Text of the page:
Westport surfperch alert!

Discussion in 'Saltwater' started by Chester Allen, Apr 7, 2009.

  1. I was surfing at the jetty -- Westhaven State Park -- this morning, and I saw a bajillion good-sized surfperch in the rip I used to ride out to the lineup.
    I also saw some fatties in a trough along the beach about 100 yards south of the jetty.
    I flyfish for surfperch in this area during the summer -- particularly when the surf is fairly small -- but I have never seen perch in these numbers during April before today. I saw all this at the last of the incoming tide.

    The surf is supposed to flatten out a bit this week, and I'm thinking about taking a depth-charge line and some small Crazy Charlies out there to pester these fish. I've fly fished for surf perch since I was a kid in SoCal.

    I also noticed quite a few gear anglers fishing in the cove and hiking along the jetty. I'd be leery of standing on that jetty when 6-foot swells are washing on by.... I'd also be really careful surf fishing, as some of those rips are pretty powerful right now.

    I'm sure everyone already know this, but as a reminder: Don't fight the current if you're caught in a rip. Swim parallel to the beach, and you'll be out of the rip in a couple of minutes. Then you can just let the waves push you into shore.
  2. I gave up my board when I moved up here...Didn't know you could surf locally...How is it?

    Maybe take a longboard and a net and you rod with you next time...:rofl:
  3. Washington surfing is a harsh mistress, cold and fickle with the occasional breathtaking moment that keeps you asking for another day of suffering...

    Chester, I may have shared the line up with you in the past. I haven't been out much lately and prefer the Strait to the corner at Westport (suck at rights). However, I'm looking forward to teaching my daughter to surf this year so I imagine I'll be spending more time down there this year when we get into the small summer swell.

    Back before I started fishing again last year, I was sitting on my board at the beginner spot near Joyce and a massive silver fish swam right underneath my feet creating a bow wave as it cruised into the creek. Dunno if it was a salmon or steelhead but it was defintely 30"+. Since then I've always thought a combined surf/flyfishing day would be a sweet way to spend some time on the OP. Some of the 'mysto' surfing spots up around Neah have some very fishy looking water...
  4. That's great stuff you guys. I've never even dabbled in the surfing thing but the hybridization or even just day-outing combination of sports is really intriguing to me. Since I thought of it I just can't get it out of my mind, I want to visit Yosemite again and fish some spots on the upper Merced via rappel and ascenders to exit. I think there are some possibilities out there that could result in the most pristine fishing to wild fish that have never seen a fly or even the shadow of a human.
  5. how were the waves?
  6. golfman: Washington surfing can be gritty -- lots of onshore winds, blown-out surf and days that are just too big and messy -- it can look like a washing machine out there.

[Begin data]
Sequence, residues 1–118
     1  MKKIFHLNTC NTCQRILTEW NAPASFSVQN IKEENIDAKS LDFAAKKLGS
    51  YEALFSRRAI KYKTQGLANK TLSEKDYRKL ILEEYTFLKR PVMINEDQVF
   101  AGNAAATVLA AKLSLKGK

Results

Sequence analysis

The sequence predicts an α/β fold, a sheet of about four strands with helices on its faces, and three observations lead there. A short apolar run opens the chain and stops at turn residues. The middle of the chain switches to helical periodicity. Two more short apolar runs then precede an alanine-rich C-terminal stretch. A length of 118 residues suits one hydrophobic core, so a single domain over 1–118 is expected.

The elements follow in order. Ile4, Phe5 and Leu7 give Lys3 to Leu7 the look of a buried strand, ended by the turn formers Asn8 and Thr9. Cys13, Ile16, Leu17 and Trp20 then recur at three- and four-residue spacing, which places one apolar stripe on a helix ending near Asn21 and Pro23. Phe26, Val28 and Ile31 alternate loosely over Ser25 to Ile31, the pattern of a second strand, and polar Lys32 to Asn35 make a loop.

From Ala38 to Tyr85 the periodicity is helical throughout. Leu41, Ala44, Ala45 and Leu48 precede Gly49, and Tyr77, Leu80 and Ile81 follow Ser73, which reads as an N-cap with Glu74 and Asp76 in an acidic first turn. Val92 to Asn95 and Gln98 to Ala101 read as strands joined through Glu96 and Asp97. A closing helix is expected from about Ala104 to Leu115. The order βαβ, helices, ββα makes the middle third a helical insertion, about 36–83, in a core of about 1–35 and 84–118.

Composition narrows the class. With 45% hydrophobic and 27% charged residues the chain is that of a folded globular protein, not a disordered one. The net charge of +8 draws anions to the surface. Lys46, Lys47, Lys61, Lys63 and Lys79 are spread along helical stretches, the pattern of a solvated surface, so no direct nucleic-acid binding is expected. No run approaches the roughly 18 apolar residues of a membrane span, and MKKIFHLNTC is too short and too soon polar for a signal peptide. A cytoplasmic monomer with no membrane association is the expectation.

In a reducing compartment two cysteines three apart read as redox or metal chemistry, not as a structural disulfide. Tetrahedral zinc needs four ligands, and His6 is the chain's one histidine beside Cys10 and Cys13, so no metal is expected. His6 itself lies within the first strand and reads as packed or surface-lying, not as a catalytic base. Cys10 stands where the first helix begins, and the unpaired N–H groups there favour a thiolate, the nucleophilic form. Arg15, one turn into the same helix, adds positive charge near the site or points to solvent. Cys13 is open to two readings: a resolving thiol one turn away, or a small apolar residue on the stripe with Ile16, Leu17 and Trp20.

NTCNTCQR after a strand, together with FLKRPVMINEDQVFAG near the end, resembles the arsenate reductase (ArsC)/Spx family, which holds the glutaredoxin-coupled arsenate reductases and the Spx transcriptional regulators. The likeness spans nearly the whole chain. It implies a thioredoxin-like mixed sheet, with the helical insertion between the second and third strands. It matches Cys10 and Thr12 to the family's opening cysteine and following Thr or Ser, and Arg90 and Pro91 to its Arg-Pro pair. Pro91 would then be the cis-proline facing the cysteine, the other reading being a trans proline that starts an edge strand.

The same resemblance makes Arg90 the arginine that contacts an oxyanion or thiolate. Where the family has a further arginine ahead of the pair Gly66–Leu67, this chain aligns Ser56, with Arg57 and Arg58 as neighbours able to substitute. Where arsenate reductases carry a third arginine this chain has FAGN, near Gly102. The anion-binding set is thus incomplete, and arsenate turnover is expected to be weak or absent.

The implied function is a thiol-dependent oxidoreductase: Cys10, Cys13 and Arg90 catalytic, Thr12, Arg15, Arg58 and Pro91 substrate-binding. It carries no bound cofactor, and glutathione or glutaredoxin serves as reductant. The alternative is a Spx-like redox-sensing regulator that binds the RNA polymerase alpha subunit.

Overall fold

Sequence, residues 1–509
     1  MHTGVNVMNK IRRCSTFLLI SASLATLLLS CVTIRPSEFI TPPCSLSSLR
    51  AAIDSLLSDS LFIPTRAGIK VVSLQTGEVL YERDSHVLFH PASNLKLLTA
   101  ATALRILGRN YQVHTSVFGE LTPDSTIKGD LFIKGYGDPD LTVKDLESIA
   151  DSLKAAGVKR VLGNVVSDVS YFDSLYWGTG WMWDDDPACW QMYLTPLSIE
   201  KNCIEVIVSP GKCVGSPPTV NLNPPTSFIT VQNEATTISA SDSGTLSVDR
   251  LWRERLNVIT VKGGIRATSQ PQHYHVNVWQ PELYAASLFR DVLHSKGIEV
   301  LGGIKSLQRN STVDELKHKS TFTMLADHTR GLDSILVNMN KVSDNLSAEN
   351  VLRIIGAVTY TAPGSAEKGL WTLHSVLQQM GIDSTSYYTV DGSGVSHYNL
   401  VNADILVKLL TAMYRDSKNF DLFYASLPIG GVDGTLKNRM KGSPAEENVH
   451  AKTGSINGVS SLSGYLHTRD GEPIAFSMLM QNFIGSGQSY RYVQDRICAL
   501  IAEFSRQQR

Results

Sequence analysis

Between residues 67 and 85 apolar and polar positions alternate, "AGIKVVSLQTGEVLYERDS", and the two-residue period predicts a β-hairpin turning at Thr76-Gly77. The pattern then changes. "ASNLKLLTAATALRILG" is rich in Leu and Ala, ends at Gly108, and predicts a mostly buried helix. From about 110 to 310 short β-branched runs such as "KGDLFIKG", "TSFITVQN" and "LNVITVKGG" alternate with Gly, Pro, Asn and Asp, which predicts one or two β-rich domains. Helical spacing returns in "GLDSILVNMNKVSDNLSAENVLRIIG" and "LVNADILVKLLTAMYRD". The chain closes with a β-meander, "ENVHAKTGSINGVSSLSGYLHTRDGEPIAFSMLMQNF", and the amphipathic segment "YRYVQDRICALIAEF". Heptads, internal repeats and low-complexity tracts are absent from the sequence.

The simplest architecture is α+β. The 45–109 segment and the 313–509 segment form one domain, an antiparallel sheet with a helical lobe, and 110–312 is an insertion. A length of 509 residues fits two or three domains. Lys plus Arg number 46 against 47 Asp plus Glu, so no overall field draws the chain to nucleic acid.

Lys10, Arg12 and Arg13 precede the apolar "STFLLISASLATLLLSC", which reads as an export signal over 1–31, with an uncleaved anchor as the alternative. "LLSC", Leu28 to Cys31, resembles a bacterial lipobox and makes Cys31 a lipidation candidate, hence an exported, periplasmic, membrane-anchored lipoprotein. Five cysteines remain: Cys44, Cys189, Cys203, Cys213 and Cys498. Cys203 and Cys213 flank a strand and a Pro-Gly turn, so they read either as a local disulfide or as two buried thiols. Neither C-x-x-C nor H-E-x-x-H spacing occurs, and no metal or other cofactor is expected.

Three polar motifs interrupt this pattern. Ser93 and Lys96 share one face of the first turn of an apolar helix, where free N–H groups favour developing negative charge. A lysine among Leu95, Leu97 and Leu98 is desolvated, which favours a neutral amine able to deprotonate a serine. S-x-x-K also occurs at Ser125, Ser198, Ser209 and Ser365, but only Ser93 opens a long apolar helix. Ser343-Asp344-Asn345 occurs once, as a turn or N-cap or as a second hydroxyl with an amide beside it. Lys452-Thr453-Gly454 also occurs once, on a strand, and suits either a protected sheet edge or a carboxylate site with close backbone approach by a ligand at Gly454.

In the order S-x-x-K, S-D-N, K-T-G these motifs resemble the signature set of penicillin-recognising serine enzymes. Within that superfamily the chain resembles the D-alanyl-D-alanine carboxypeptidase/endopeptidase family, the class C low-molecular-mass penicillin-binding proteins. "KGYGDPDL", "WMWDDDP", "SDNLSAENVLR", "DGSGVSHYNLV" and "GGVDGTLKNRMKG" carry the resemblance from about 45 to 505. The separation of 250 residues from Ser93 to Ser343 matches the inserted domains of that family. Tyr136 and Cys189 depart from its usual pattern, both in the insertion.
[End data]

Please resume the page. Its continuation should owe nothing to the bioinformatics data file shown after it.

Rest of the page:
And the water is always cold -- gotta wear hoods, gloves and booties.


    There are days when the surf is smaller and clean -- or even big and clean -- and it's coldwater paradise. When I say small and clean, I'm talking stomach to head-high, glassy and even with a little offshore breeze. We get a lot of nice swells in the summer -- things are just really getting started right now -- but September is the best. September is the best for fishing in the Northwest too.

    Thomas: You're right about the harsh mistress thing. But when it's nice.... wowsa. I could never go back to surfing in SoCal, as I've grown used to lots of elbow room. I bet we have shared the lineup at Westport. I tend to surf the jetty most of the time, but I have been known to paddle out at the Groins at low slack. I don't know diddly about surfing the Strait, as I live in Olympia during the week and Westport is a fast shot to swells. I've had some good days at LaPush. I also surf the Oregon coast quite a bit.

    I surf a 10-foot Robert August stepdeck, a 9-foot August What I Ride and an 8-foot fish that is like riding around on a jet fighter. I'm pretty much a longboard guy these days. I was never a ripper....

    It might be time for me to invest in exploring the strait. I taught my daughter to surf at Westport, and we've now surfed together in Oregon, Florida, California -- showed her my old haunts -- Oahu and Mexico. Great times, and she's now starting a surfing club at her university. She's also a pretty good fly angler. I'm a lucky dad.

    Jim and Thomas: I've had lot of combination surfing/fishing days. When I was a kid, I used to paddle my board out to the kelp on flat days and catch calico bass, sand bass and smaller halibut. SoCal halibuts are midgets compared to NW halibut. Fun, fun times.

    I surf fish - with my fly rod -- at Westport before or after surfing. I just keep the wetsuit on and go for it. I'm surprised more NW surf anglers don't wear wetsuits. I've also surfed at Westport and fished sea-run cutts in the Elk River estuary on the way home.

    The Northwest is paradise to me.
  7. I've tried the surfing thing..have wet suit and board, but I am terrible! Still haven't gotten up yet, but then again i don't get out and try as much as I could...usually opt for the fishing option. I had a friend several years back who got caught in the rip at the jetty and he realized it too late. It sucked him out past the jetty and he spent 18 hours overnight on his board about 1-2 miles offshore!! He drifted and swam almost 20 miles and finally got close enough to swim ashore near Taholah :eek:. The Coast Guard didn't know how he did it...I don't either, but am really happy he is still kicking, and I'm sure his wife and two kids are too! There is much more to the story, but I swear it is TRUE. Be careful out there.